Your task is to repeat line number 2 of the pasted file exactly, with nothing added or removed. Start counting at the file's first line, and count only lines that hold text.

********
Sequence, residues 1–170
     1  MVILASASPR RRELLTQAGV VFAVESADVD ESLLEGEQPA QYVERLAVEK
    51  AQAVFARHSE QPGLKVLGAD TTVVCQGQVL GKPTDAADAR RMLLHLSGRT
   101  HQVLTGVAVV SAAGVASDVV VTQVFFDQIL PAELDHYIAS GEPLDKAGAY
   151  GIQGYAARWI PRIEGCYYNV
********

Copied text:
     1  MVILASASPR RRELLTQAGV VFAVESADVD ESLLEGEQPA QYVERLAVEK